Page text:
In the equation, d[uvw]c represents a nearest interatomic distance in a low index plane of a heterogeneous nucleus (added metal), d[uvw]s represents a nearest interatomic distance in a low index plane of a solid crystal (base metal), and θ represents an angle formed between both the nearest directions of the substances. When a priority solidification of a liquid metal is examined, in the above equation, an interatomic distance of stable site of a compound (vanadium carbide) in a brazing face is adopted for d[uvw]s. This is because a joined surface is set as basis. And a nearest interatomic distance in a low index plane of solidifying metal is adopted for d[uvw]c. Degrees of interface mismatching δ of a variety of substances are shown in TABLE 2. In a combination of vanadium carbide and silver, a degree of interface mismatching δ gives a value of 0.01298, a value between copper and diamond gives 0.01327, and each of these shows small value. Therefore, priority solidification of silver is expectable on vanadium carbide reaction nucleant, and copper solidification is expectable on the diamond. This fact illustrates that a joined interface like a silver mirror having good adhesiveness will be formed on vanadium carbide. On the other hand, a degree of mismatching δ between vanadium carbide and copper shows a large value of 0.13100, and copper probably does not adhere onto vanadium carbide.
(100) || (100)
(100) || (100)
(100) || (100)
(100) || (100)
(111) || (111)
(111) || (111)
(111) || (111)
An amount of vanadium added is 0.001 to 5 mass %, preferably not more than 2.0 mass %, and theoretical amount of vanadium is 0.001 mass %. When an amount of vanadium added is in a range of 0.001 to 5 mass %, a diamond can be joined onto a metallic material. However, when an amount of vanadium added exceeds 0.5 mass %, unreacted vanadium may precipitate on a joined interface as small particles. And a reaction product of vanadium carbide is formed in a joined interface between the diamond and the brazing-filler material so much that the joined interface of the diamond gradually increases its roughness. When an amount of vanadium added is in a range of up to 2.0 mass %, there is little scattering of light by the joined interface, but when addition exceeds the value, the joined interface becomes to show black. If vanadium exceeds 2.0 mass %, scattering of light by the joined interface increases and the interface looks black. Therefore, in order to prevent a diamond for ornament from showing black, an amount of vanadium added to a brazing-filler material is 0.001 to 2.0 mass %, and preferably not more than 0.5 mass %. As in a case of tools etc., when esthetic viewpoint is not required, up to 5 mass % of vanadium may be contained.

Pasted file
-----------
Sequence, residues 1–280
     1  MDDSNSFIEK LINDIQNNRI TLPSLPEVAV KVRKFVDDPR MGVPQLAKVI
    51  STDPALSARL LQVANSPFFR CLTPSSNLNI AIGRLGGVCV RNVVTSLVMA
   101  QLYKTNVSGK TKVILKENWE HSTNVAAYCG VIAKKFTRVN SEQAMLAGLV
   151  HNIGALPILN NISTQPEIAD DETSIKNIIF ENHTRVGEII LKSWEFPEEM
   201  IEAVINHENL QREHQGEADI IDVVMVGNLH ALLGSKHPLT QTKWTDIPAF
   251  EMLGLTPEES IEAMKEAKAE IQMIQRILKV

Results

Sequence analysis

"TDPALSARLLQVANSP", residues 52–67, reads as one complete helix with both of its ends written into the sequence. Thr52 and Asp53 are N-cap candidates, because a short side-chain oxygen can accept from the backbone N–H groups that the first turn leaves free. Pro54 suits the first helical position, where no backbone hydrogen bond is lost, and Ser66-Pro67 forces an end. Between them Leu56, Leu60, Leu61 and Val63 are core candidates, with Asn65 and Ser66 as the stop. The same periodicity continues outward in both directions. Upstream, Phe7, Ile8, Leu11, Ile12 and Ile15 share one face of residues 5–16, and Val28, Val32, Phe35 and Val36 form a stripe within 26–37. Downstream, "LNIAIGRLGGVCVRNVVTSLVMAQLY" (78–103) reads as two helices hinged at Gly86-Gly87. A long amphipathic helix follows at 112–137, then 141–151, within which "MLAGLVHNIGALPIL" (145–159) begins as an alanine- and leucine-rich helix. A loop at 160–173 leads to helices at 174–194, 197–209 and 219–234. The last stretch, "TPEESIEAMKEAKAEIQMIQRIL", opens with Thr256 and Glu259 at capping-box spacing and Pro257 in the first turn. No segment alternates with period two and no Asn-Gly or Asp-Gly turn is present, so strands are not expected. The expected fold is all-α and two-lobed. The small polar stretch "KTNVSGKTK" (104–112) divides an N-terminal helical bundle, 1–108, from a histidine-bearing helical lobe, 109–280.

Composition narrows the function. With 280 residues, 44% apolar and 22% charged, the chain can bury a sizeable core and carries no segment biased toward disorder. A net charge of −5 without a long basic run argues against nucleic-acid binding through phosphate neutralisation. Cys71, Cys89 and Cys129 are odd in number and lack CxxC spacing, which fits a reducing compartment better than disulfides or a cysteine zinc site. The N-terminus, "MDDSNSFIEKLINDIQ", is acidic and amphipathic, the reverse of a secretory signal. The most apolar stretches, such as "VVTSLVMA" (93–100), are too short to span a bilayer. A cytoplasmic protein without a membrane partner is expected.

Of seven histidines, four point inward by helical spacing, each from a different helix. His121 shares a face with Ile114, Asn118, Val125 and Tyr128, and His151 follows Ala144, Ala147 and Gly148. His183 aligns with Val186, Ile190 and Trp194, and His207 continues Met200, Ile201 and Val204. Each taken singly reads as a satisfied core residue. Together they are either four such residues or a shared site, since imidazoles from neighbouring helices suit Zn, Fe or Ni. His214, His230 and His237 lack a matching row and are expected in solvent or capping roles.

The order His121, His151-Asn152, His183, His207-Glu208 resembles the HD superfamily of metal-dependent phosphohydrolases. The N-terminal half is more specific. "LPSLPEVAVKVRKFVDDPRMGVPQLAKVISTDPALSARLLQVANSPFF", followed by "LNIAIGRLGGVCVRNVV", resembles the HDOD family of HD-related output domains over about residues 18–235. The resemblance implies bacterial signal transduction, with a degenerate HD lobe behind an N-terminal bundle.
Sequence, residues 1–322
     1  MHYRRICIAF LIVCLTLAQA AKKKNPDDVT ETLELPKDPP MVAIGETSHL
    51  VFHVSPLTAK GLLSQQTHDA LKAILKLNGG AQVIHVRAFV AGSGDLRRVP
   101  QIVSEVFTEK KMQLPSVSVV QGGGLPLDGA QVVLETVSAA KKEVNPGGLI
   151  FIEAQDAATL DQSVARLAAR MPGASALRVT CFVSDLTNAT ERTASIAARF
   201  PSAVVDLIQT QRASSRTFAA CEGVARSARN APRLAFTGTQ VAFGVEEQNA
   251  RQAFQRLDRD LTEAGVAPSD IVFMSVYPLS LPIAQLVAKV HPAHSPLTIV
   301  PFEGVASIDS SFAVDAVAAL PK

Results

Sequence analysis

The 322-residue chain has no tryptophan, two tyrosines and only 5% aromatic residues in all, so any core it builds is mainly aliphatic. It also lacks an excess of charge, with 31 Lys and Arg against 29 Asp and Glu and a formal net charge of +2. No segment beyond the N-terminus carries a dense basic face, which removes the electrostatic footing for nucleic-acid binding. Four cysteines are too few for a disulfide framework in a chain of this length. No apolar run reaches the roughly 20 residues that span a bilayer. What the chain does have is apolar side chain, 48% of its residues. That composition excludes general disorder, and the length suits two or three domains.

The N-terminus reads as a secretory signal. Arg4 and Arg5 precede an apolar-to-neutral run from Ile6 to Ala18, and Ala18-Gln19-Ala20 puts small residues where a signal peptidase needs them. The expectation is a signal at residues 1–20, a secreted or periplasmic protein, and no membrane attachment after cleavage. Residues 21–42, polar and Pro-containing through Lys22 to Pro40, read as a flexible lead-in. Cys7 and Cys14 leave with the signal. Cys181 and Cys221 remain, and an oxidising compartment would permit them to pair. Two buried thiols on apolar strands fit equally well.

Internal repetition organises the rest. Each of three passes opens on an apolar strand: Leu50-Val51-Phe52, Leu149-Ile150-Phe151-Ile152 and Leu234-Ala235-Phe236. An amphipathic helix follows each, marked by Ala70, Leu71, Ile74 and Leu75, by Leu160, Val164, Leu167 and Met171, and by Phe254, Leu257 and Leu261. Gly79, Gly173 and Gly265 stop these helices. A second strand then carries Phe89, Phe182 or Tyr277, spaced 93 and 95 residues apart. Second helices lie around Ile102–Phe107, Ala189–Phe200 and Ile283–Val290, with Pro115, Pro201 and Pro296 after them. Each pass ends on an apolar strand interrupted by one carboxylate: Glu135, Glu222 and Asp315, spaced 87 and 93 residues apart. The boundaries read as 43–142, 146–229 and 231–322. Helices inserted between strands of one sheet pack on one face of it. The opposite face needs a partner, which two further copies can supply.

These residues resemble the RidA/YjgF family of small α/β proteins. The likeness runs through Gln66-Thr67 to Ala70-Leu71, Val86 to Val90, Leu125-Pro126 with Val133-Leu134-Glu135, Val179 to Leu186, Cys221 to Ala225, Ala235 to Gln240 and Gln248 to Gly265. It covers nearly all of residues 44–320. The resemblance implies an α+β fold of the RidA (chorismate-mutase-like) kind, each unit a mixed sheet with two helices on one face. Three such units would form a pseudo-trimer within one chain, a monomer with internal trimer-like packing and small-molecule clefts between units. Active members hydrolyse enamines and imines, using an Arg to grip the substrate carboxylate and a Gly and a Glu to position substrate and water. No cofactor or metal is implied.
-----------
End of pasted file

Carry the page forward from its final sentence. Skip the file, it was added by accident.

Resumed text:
As mentioned above, vanadium carbides formed in a joined interface of diamond have a shape of islands, and, an area of islands of vanadium carbides in a joined interface is preferably less than 23% of the joined interface area. A ratio exceeding 23% gives a rough joined interface.
An amount of vanadium added to a brazing-filler material can be presumed from following information. First, it may be presumed from following information that supercooling may arise in a silver-copper eutectic brazing-filler material. That is, in an equilibrium system, conditions for constitutional undercooling to arise are given by following equation.
When me represents a gradient of liquid phase line and is 4.58K/at %, Co represents a solute concentration (copper concentration is about 39.9 at % in silver-copper eutectic system), DL represents a diffusion coefficient in liquid phase and is 5×10−9m2/s, and ke represents an equilibrium distribution coefficient and is 0.356, GL/V≦6.562×1010. In brazing conditions, GL is a temperature gradient and V is a solidifying speed. These values are those satisfied in usual brazing conditions in vacuum.
A radius of silver hemisphere (critical radius of nucleus: r*) formed on an island of vanadium carbides is related to an interface turbulence wavelength λ of perturbation of solid-liquid interface. A critical radius of nucleus r* is obtained from
In the equations, Ghomo represents a Gibbs free energy of homogeneous nucleus, r solidification nuclear radius, σLS surface free energy, Tm melting point, ρ density of a solid, ΔH solidification latent heat, and ΔT degree of undercooling. Degree of undercooling was set as 2K based on a measured value for silver in a brazing equipment. From a perturbation model in a joined interface in
As shown in
A method for brazing diamonds on a metal substrate using a brazing-filler material of the present invention is shown in
As an outline front view is shown in
Electric current was applied to the 42 Invar alloy substrate and the brazing-filler material was heated up to about 1065K to perform brazing. The temperature was set to a temperature of 10K or more above a melting point of the brazing-filler material (melting point of an eutectic alloy having a composition of silver −39.9 at % copper is about 1052K) so that vanadium hydride decomposed to form an alloy with the brazing-filler material, and that vanadium reacted with carbon to be joined on the surfaces of the diamonds to form reaction products (vanadium carbides). In addition, degree of vacuum at the time of brazing was set to 1×10−2 Pa. Islands 35 of vanadium carbides were formed in the joined face of the diamonds, as shown in